The Salem News
---- — The following are excerpts from editorials in other newspapers across New England:
Policing the world
Overshadowed in the debate over whether or not the U.S. should respond militarily to Syrian leader Bashar Assad’s use of chemical weapons against his populace is the more fundamental question of why the United States is always expected to take this kind of action in response to bloodshed in Libya, Iraq or elsewhere in the Middle East. President Obama said the credibility of the international community is at stake in Syria, but credibility cannot be at stake if it doesn’t exist.
The United Nations was essentially invented to address knotty issues like this one. But while tea partiers fear the UN as a monolithic, one-world government that will at some point sweep through America collecting guns and imposing taxes, it may in fact may be one of the most ineffectual organizations ever invented, tied in knots by its own rules.
The Arab League is easy to overlook when a Middle East crisis erupts because the League invariably makes itself scarce. Terrified of offending one constituency or another, it is left to wring its hands. Whether it is an internal crisis like the one in Egypt or the presence of al-Qaida in Yemen, the Arab League can’t be counted upon to be part of a solution.
U.S. Secretary of State John Kerry said last week that the civil war in Egypt poses a threat to Israel, Jordan and Turkey, and while true, those three nations have diplomats and armies and cannot expect Washington to do its dirty work and deal with the repercussions. Isolationism is dangerous because as the nation saw 12 years ago, events and groups around the world can deeply impact the United States. But this nation is not the world’s policeman, and after Iraq and Afghanistan may never be again.
The Berkshire Eagle of Pittsfield
Fighting the right drug war
The right drug war, as the appearance of a member of the ultra-violent Sinaloa Mexican drug cartel in U.S. District Court in Concord on Sept. 2 demonstrates, is essential and remains underway. Hard drugs, like the ton of cocaine the gang hoped to distribute, destroy lives and fuel crime and corruption. Meanwhile, the wrong drug war, the half-century-long prosecution of people who possess small amounts of marijuana, is winding down, thanks to U.S. Attorney General Eric Holder, who is attempting to bring sanity to drug laws that put far too many people behind bars. Both of Holder’s efforts deserve support.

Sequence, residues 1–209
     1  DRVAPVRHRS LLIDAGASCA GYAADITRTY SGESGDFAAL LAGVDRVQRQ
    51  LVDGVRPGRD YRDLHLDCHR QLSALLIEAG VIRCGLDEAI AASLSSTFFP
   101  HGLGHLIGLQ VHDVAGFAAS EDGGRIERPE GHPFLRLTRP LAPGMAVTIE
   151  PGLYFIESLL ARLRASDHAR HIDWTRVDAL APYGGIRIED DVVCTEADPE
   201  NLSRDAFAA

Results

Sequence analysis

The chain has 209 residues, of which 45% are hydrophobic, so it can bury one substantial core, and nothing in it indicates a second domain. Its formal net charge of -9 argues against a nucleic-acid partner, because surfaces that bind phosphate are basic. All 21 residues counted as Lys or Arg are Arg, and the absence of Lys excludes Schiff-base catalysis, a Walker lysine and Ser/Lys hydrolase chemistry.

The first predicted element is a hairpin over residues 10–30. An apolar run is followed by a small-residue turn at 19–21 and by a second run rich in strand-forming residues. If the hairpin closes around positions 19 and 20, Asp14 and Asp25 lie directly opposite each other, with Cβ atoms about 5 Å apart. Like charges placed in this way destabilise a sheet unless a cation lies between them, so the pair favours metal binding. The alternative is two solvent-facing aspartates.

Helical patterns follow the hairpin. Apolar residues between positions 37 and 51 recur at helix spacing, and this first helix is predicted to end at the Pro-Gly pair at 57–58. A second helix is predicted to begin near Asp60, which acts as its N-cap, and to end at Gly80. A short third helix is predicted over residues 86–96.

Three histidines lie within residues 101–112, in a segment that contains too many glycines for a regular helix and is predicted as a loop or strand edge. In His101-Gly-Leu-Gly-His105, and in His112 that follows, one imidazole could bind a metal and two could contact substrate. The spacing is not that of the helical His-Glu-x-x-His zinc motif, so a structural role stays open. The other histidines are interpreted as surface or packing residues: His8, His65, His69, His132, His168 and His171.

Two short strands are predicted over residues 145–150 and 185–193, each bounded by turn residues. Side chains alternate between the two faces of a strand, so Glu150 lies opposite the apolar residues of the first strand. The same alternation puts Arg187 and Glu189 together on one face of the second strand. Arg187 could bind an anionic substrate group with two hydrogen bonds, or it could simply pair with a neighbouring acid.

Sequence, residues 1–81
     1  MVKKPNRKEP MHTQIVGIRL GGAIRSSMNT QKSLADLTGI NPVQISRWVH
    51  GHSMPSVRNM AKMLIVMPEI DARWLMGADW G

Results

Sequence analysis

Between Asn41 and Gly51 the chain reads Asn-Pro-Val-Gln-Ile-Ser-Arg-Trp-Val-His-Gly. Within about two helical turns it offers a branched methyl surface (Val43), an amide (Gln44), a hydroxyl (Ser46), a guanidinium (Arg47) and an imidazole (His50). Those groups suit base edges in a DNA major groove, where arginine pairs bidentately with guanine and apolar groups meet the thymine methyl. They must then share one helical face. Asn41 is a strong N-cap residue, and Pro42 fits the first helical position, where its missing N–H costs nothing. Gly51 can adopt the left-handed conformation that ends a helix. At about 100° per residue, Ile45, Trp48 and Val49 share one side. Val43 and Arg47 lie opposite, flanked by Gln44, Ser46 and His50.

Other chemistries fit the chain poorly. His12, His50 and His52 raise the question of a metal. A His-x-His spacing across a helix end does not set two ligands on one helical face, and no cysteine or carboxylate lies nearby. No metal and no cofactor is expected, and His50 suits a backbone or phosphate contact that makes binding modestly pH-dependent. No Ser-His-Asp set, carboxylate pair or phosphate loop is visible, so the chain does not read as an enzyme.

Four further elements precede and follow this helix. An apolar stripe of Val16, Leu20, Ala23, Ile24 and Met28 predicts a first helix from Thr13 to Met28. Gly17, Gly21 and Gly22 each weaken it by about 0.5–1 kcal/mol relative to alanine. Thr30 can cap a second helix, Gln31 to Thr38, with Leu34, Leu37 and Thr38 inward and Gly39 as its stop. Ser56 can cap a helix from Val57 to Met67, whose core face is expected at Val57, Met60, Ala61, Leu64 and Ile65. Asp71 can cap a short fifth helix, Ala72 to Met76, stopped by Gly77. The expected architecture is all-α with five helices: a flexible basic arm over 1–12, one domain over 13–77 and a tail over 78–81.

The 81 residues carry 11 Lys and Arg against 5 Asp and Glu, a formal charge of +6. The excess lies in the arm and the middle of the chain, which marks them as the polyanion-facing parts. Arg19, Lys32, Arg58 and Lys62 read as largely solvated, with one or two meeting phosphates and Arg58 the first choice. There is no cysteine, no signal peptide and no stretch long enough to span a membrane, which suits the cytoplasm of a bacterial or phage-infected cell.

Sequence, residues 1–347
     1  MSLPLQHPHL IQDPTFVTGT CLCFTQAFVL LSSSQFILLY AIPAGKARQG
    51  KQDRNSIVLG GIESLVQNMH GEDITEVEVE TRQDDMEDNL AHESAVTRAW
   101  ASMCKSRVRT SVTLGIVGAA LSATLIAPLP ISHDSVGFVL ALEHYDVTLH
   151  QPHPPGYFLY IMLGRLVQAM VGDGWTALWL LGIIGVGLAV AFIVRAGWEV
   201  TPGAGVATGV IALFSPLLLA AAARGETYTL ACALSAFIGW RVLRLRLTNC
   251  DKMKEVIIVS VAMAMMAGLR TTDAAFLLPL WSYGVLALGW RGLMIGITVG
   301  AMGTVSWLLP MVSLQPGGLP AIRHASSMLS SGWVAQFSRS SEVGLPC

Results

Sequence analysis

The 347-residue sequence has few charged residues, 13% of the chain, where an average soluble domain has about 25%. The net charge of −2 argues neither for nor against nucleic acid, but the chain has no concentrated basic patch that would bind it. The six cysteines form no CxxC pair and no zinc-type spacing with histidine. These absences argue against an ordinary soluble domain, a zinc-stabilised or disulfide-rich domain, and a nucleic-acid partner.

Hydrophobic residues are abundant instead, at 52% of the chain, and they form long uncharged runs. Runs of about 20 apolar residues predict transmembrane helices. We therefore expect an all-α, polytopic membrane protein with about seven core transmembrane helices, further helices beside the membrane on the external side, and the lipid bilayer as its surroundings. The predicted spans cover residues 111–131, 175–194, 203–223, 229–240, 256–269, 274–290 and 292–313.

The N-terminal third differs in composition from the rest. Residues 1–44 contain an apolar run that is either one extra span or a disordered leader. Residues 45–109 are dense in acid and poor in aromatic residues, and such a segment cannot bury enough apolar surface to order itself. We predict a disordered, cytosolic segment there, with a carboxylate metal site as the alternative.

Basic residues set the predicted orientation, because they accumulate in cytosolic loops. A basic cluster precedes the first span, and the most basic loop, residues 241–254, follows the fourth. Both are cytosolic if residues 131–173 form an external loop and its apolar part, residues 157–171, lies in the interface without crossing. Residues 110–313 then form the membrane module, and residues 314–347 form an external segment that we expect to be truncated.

Because meetings between representatives of the Sinaloa gang and FBI agents posing as members of a European crime syndicate took place in Portsmouth and New Castle, four of the alleged gang members will be tried in Concord. The gang and its rivals are often at war with each other and with Mexican authorities. The battles are brutal. Rivals are killed, kidnapped, tortured and decapitated. It is disconcerting, to say the least, that scenes from the inhumanly violent and insanely greedy world of international drug cartels will now be played out in a Concord courtroom.
The right drug war is also being fought in Manchester, where a raid on an auto repair shop recently led to the arrest of five people and the seizure of 100 grams of heroin, the biggest smack bust in that city’s history. The heroin the group planned to sell creates the addicts who are responsible for thefts from homes and cars and other crimes. The right drug war also needs to be fought against the makers and sellers of the drug known as Molly, an amphetamine with hallucinogenic properties. That drug is blamed for the recent deaths of several dance club patrons, including a young woman from Londonderry and a UNH student from Rochester, N.Y. It is drugs like these, which can easily kill the unwary, and hard drugs like heroin, methamphetamine and cocaine, that deserve to be targets if a war on drugs is conducted.
Marijuana, not so much.
— The Concord (N.H.) Monitor